Yellen visits India to shore up US-Indo-Pacific partnership
NEW DELHI (AP) — Supply chains, Russia’s war in Ukraine and the impact of COVID-19 were top issues for U.S. Treasury Secretary Janet Yellen as she met with Indian government and business leaders Friday in New Delhi.
Both Yellen and Indian Finance Minister Nirmala Sitharaman called for the strengthening of supply chains with trusted trading partners in the Indo-Pacific region to diversify away from countries that present geopolitical and security risks.
Yellen said Russia has weaponized its natural gas supplies against the people of Europe and China currently dominates over 80% of global solar panel production.
She said India and the United States could work together “to advance our shared goals, including mitigating the existential risk of climate change, evolving multilateral institutions, and addressing the debt burden faced by many developing countries.”
She made the remarks at the start of a U.S.-India Economic and Financial Partnership Meeting after her discussions with Sitharaman.
Sitharaman said India considered the United States a “trusted friend” and the four-nation Quad and the Indo-Pacific Economic Framework to be key cornerstones of bilateral engagement “in developing sustainable economies, ensuring global health security, resilient supply chains, clean energy technologies, green infrastructure and climate finance.”
The Quad, comprised of the United States, India, Australia and Japan, is meant to deepen economic, diplomatic and military ties.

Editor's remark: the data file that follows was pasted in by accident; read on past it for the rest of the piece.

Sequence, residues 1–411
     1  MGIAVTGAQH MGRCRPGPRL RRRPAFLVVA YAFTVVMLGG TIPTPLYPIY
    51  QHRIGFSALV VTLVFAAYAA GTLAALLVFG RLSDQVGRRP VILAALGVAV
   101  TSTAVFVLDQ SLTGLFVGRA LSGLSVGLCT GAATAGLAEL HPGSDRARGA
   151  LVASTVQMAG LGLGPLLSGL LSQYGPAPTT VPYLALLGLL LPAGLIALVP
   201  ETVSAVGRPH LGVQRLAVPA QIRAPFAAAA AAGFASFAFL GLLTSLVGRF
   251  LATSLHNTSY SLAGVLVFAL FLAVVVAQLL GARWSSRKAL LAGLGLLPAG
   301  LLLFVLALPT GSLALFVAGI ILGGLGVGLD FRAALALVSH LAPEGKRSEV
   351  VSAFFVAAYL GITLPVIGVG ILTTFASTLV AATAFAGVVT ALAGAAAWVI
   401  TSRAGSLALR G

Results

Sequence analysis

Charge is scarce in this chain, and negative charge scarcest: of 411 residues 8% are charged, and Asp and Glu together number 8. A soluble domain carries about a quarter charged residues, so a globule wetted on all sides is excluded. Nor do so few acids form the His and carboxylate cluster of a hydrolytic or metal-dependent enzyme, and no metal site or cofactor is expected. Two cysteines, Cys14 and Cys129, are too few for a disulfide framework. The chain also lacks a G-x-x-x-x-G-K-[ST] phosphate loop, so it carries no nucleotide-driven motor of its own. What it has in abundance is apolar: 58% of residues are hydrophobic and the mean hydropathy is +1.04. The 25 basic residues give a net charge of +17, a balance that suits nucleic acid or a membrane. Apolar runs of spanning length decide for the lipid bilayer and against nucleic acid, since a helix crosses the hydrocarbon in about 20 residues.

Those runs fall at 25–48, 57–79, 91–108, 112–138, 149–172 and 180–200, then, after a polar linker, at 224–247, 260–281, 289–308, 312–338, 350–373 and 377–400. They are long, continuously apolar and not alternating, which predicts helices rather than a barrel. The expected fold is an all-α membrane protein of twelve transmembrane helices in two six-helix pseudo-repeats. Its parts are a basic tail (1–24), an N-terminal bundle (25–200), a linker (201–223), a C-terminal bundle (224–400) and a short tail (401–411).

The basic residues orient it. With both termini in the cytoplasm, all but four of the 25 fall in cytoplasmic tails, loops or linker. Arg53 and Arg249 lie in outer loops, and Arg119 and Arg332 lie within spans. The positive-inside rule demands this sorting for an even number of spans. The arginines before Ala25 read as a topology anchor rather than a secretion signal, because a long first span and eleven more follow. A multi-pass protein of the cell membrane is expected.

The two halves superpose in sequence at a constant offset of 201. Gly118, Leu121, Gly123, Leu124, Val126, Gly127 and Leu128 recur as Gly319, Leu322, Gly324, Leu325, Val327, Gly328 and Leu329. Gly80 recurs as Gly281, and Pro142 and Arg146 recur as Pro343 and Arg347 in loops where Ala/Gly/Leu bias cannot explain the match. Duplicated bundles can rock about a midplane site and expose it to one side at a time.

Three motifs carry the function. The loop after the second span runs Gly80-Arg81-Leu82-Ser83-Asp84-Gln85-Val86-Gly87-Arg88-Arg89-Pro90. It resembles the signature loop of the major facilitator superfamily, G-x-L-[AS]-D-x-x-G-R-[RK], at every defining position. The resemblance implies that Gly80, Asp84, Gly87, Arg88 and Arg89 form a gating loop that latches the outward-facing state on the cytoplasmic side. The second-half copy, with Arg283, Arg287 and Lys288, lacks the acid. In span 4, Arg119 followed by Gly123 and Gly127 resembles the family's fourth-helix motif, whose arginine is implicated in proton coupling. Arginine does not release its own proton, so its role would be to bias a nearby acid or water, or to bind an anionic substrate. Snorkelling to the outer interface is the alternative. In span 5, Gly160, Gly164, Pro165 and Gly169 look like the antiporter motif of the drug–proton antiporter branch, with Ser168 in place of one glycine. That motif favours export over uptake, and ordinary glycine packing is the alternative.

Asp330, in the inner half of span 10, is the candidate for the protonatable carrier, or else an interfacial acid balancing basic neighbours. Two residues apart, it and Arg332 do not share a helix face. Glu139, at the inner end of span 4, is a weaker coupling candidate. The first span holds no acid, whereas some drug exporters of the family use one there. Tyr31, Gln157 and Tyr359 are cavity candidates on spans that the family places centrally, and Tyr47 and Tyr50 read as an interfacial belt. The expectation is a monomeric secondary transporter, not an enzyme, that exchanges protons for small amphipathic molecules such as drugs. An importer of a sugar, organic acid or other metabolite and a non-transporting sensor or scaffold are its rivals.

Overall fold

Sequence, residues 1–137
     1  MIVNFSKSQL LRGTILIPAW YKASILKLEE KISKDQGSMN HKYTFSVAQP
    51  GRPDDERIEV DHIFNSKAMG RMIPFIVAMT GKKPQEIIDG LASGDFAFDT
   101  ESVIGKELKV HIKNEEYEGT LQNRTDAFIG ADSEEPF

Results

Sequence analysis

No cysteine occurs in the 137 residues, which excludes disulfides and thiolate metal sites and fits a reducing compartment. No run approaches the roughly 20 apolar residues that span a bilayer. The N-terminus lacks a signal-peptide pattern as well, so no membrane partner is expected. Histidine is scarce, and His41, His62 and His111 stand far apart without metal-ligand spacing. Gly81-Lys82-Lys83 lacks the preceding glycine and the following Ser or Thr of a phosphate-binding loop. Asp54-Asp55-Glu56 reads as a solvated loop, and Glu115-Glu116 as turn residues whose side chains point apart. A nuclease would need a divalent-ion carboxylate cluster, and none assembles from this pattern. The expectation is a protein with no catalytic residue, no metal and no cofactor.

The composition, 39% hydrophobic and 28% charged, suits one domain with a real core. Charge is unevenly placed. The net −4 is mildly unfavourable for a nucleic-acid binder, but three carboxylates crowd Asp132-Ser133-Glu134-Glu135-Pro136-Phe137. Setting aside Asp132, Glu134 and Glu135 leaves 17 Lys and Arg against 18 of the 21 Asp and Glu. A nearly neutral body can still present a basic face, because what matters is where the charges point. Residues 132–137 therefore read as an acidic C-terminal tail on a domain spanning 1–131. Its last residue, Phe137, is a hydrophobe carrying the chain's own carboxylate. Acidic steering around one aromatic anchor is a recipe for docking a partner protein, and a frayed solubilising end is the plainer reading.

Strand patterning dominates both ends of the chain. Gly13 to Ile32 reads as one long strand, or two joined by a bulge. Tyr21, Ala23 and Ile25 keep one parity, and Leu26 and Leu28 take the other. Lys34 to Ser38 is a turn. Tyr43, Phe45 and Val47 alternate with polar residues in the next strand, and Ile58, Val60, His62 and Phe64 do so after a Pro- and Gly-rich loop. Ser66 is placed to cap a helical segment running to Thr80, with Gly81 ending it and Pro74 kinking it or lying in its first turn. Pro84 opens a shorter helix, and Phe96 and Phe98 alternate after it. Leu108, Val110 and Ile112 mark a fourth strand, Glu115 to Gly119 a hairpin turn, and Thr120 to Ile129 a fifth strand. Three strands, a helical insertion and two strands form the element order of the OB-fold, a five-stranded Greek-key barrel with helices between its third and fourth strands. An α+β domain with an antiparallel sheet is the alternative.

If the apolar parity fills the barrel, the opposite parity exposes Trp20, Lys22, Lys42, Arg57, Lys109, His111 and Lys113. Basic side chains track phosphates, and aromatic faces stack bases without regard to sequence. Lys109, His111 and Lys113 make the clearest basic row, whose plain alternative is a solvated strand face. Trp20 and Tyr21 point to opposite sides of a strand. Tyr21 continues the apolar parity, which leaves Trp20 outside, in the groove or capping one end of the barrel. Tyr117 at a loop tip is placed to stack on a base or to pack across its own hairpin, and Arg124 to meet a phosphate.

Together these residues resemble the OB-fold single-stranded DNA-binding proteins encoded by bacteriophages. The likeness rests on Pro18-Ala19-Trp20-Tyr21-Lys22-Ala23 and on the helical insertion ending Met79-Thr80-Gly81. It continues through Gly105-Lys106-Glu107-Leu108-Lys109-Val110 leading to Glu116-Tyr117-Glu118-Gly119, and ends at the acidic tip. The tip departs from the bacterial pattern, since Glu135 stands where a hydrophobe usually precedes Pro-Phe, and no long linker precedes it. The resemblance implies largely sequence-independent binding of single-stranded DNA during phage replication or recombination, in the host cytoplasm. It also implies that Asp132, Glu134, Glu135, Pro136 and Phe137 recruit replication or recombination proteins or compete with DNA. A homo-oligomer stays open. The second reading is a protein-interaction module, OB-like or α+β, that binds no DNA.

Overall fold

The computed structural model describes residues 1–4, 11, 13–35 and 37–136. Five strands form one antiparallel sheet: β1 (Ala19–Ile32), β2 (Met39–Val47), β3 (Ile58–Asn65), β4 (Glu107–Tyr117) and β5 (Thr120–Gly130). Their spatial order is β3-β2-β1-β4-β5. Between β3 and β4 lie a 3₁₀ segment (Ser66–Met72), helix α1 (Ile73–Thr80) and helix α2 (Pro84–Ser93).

For too long, countries around the world have been overly dependent on risky countries or a single source for critical inputs, Yellen told technology sector leaders during a visit to the Microsoft India Development Center on the outskirts of New Delhi.
She said Russian President Vladimir Putin’s strategy to withhold energy supplies is “an example of how malicious actors can use their market positions to try to gain geopolitical leverage or disrupt trade for their own gain.”
Yellen said the U.S. is providing America’s largest solar manufacturer with up to $500 million in debt financing to build a facility in southern Tamil Nadu state in India. The facility will boost India’s solar manufacturing capacity and help diversify supply chains away from China, she said.
China’s strict “zero-COVID” policy has also affected global supply chains with widespread lockdowns in major financial and manufacturing hubs.
Apple announced Sunday that customers will have to wait longer to get its latest iPhone models after anti-virus restrictions were imposed on a contractor’s factory in central China.
The United States is pursuing an approach called “friend-shoring” to diversify away from countries that present geopolitical and security risks to supply chains. “To do so, we are proactively deepening economic integration with trusted trading partners like India,” Yellen said.
“Technology companies like Amazon and Google are investing in India and Vietnam. Apple recently announced that it was shifting some iPhone manufacturing from China to India,” she said.
New supply chains already are developing across regions from Asia to the European Union, she added.
At the U.S.-India Economic and Financial Partnership dialogue, she met with executives from major Indian companies and U.S. companies operating in India.
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